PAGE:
Blending it all together – there’s one important ingredient…

I wish I could say I took this pic, but I didn’t. However, it does look eerily similar to the road we live on, so I’ll go with that. I’ve never experienced Fall like this, and seeing the leaves turning colors makes me think Mother Nature has a flair for art as she blends all the colors together in such a way that it takes my breath away.

I’m sure if the Cosmic Muffin handed Mother Nature an edict that said, “Thou shalt make bitchen colors on the leaves during Autumn,” I’m sure she would have handed in her wand and stuck to determining whether she was eating butter or margarine. But I think the old broad does pretty well with the leaves. They all just fit together.

I read a partial manuscript the other day that has those same ingredients. In fact, I really wanted to reject the work because I’m concerned about the topic being too impacted. But I couldn’t help myself. In spite of the fact that it’s a category that’s been written about to ad nauseum, this writer sucked me in. She blended in pace, flow, character development into a lovely pallet of gorgeosity. And let’s not forget VOICE…which is a big ticket item for me. Just like those trees that explode red in Fall and make you pull off the road just to soak it in, this author has a distinct color all her own that screams genius.

The problem with saying a story blends together is that it sounds simplistic. I can’t put my finger on any one detail that says I must have this book. In fact, t I probably shouldn’t have this book because I’m not sure it has the legs to swim to the top of a very big heap. There should be a section in the bookstores and libraries titled, “Yeah, it makes no sense to read this book, but do it anyway because it’s all that and more.”

So much of writing is by feel. You can take lessons on how to create a tantalizing plot, keeping tension in all the right places, making sure your characters are delicious, but none of it means you’ll actually accomplish your goal. Why? Because taste is subjective. Just because I love something doesn’t mean anyone else will. That’s why I have a team who can bring me down to earth when I go all gooshy over something. They are my wet boogers who say, “Yah, Pricey, you love the book. How you gonna sell it?”

And that’s what it comes down to. Will it sell in Peoria? as the saying goes. Something can be wonderful, but if I can’t put my finger on the exact elements that will turn readers’ heads, then it’s a no-go. Even if you self pub it, you’re still facing the same hill of selling your book – probably more because you’ll be a team of one versus a team of hundreds.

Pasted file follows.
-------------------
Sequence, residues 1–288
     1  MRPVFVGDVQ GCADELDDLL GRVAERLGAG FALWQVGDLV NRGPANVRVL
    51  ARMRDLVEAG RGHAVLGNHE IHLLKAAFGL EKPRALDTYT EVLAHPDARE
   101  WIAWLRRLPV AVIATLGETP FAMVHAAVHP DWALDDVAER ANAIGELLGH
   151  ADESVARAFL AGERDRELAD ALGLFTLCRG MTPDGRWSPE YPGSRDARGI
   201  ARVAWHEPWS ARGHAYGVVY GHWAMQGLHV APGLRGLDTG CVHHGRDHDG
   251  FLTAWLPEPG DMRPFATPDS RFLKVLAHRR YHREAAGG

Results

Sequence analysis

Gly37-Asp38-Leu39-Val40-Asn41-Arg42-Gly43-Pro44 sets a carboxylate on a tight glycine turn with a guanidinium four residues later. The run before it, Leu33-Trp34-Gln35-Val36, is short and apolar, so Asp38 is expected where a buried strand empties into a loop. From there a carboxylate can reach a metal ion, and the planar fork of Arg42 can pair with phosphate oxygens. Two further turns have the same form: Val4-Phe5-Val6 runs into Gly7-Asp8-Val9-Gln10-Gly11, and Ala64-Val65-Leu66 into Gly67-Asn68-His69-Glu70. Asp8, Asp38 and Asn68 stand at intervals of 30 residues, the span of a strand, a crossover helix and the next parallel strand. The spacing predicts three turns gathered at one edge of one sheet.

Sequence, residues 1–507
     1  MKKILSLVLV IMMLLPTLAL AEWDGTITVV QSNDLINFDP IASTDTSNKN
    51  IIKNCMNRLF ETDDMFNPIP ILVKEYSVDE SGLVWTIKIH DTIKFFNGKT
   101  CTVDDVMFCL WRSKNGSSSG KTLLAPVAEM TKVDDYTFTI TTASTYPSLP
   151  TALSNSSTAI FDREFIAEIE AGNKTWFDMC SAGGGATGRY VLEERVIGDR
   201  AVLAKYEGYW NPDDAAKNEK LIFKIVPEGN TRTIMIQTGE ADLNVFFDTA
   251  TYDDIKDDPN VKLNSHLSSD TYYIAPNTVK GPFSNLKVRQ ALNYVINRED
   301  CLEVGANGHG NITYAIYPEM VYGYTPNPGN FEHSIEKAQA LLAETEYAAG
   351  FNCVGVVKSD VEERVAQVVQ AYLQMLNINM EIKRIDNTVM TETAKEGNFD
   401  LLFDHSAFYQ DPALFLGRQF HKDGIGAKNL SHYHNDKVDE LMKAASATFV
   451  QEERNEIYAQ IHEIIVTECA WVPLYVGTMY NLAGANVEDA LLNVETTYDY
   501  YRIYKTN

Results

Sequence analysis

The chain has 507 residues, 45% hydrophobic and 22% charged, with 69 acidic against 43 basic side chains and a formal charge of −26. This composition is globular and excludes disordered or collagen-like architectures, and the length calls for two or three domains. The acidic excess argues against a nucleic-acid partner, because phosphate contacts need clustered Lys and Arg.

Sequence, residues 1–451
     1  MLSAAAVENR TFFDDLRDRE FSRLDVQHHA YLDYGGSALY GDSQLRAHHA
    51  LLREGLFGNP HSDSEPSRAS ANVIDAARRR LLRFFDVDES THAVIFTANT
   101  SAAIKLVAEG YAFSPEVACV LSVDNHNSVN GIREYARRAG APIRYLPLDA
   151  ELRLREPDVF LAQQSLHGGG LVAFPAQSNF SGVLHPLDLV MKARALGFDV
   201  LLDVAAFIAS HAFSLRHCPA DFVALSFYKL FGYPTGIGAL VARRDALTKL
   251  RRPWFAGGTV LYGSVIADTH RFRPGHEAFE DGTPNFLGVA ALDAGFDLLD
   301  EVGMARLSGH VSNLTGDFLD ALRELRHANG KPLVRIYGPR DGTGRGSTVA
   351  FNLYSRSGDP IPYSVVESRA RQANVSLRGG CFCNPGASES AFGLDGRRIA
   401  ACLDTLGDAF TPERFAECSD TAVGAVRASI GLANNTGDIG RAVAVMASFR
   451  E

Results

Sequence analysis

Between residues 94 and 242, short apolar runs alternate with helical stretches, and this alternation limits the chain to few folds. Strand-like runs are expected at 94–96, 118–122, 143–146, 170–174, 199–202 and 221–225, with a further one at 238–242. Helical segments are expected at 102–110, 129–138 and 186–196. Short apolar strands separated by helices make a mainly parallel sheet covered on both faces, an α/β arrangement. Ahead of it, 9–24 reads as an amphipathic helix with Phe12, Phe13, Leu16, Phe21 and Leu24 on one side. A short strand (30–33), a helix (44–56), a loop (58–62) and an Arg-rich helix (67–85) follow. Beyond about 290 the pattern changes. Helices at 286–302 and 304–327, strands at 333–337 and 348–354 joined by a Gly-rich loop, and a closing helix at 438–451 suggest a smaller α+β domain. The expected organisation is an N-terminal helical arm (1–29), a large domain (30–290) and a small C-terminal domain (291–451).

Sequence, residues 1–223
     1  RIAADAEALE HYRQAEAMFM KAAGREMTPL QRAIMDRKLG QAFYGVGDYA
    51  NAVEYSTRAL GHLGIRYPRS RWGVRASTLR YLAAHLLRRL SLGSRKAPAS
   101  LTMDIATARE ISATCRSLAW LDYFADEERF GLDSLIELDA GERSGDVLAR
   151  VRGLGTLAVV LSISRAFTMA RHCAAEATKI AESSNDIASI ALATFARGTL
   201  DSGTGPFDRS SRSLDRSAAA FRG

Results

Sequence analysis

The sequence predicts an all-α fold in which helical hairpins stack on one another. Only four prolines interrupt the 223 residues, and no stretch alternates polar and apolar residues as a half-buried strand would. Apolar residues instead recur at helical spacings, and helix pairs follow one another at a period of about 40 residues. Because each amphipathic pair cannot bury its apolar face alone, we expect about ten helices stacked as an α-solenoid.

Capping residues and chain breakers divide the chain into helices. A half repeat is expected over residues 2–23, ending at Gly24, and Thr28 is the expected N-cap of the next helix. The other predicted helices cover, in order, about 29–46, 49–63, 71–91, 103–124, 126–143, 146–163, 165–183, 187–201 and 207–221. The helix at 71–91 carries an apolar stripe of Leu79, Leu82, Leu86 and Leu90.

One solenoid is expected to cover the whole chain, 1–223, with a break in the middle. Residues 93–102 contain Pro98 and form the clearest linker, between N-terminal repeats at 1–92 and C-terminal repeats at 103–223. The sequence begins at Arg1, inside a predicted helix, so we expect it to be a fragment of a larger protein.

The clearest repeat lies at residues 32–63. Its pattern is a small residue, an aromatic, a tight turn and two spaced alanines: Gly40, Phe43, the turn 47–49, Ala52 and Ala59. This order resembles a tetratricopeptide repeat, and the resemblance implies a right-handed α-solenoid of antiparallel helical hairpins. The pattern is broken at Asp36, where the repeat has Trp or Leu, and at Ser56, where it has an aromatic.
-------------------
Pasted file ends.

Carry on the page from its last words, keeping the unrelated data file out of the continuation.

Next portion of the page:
So when you’re blending all your lovely bits together, be sure you understand your book’s marketability. It’s the last ingredient that’s the difference between “SOLD!” and “I really want this, but I can’t take it.”

 

2 Responses to Blending it all together – there’s one important ingredient…

  1. Frank Mazur says:

    The magic of success is rarely out of the single circle of the artist. Where a publisher is involved, the second circle is approached and some publishers may see success at the same time they question their judgment for the risk they would take. For the self-pubbed, there is no risk, only hope—hope that some kind of shit beyond everyone’s understanding will make a run with their work.

  2. Hi Frank – long time no see. I like the sentiment of success being rarely out of the author’s control, but I’ve seen countless authors who self pub and find that the journey is hard, expensive, and lonely. I’m a huge fan of self-pubbing as long as the author knows exactly what they’re in for and understand how books are sold. Most don’t, and that’s the problem. Their dreams are never fulfilled.

    Now, does that mean a trade press is the end all, be all? No. We’ve all seen books that never reach their full potential due to publisher apathy or inability. That’s why it’s so important to do the research, so you’re aware of what you’re getting into.

    You mention no risk for the self-pubbed author, and I think it’s important to quantify the definition of risk. If you blindly toss your self-pubbed book out there and find low sales and lots of hard work, then chances are strong that no trade press will touch it. Seen this a thousand times, too. So the author spent huge amounts of blood, sweat, and tears writing their book only to lose it.

    I would consider that the biggest risk of all.

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